June 6, 2013
Can Oral Sex Really Give You Cancer?
Featuring: Dr. Douglas Frank, Director, Head and Neck Surgical Oncology, North Shore-LIJ Cancer Institute
Whether or not oral sex did cause Michael Douglas’ bout with cancer really doesn’t matter. What does matter are the questions and resulting conversations that came from his interview.
Before an overabundance of “Oral sex gave me cancer” headlines (which is a headline writer’s dream, by the way), the likelihood is that most HPV-related coversations focused on vaccines for young women. Instead, people are now left wondering, “Can doing that really lead to cancer?”
Well as it turns out, yes, it can. At least in some cases.
The Centers for Disease Control lists HPV as the most common sexually transmitted infection, with more than 40 types that affect both men and women’s genital areas. But while a person’s genitals may be the most commonly infected area of the body, the mouth and throat as areas susceptible to infection as well.
Although most people who contract HPV never develop any symptoms (with most cases clearing themselves up), there are rare cases in which the infection can lead to more serious conditions, including cancer.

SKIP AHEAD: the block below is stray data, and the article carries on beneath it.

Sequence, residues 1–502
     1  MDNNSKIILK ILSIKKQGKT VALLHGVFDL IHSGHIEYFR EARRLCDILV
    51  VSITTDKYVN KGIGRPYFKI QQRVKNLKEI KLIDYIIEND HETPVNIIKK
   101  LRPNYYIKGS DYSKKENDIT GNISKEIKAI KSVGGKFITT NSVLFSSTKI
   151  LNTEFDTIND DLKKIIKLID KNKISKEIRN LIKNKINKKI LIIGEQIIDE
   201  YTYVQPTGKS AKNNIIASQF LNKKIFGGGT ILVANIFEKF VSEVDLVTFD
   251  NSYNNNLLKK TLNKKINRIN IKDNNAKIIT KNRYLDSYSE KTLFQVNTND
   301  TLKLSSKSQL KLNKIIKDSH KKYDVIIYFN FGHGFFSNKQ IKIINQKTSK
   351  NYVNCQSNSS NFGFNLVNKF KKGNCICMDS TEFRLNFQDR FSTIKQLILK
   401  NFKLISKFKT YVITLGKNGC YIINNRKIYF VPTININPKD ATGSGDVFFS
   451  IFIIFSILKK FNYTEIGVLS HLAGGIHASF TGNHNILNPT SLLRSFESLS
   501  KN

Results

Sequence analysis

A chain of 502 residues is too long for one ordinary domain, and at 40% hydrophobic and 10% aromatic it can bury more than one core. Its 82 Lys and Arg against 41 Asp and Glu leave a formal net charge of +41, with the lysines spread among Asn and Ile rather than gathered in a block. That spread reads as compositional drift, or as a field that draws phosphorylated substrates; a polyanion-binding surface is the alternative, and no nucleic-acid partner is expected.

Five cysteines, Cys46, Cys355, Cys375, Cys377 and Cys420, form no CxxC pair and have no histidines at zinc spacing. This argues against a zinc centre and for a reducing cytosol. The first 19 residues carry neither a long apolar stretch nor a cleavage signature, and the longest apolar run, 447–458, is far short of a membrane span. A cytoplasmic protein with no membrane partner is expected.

Dr. Douglas Frank, chief of the division of head and neck surgery at Long Island Jewish Medical Center and director of head and neck surgical oncology at the North Shore LIJ Cancer Institute, said the number of people who will develop any form of cancer from HPV is very small.
“The vast majority of us are able to clear it, our immune systems just clear the virus,” Frank said. “There’s a small population of people that don’t clear it, and an even smaller population of those people that are susceptible to get the cancer from it.”
New York Post
June 4, 2013
Doctors' Oral Argument for Zipping Your Lips
Featuring: Dr. Dennis Krauss, Director, Center for Head & Neck Oncology, North Shore-LIJ Cancer Institute
June 3, 2013
Michael Douglas Blames His Cancer on Oral Sex
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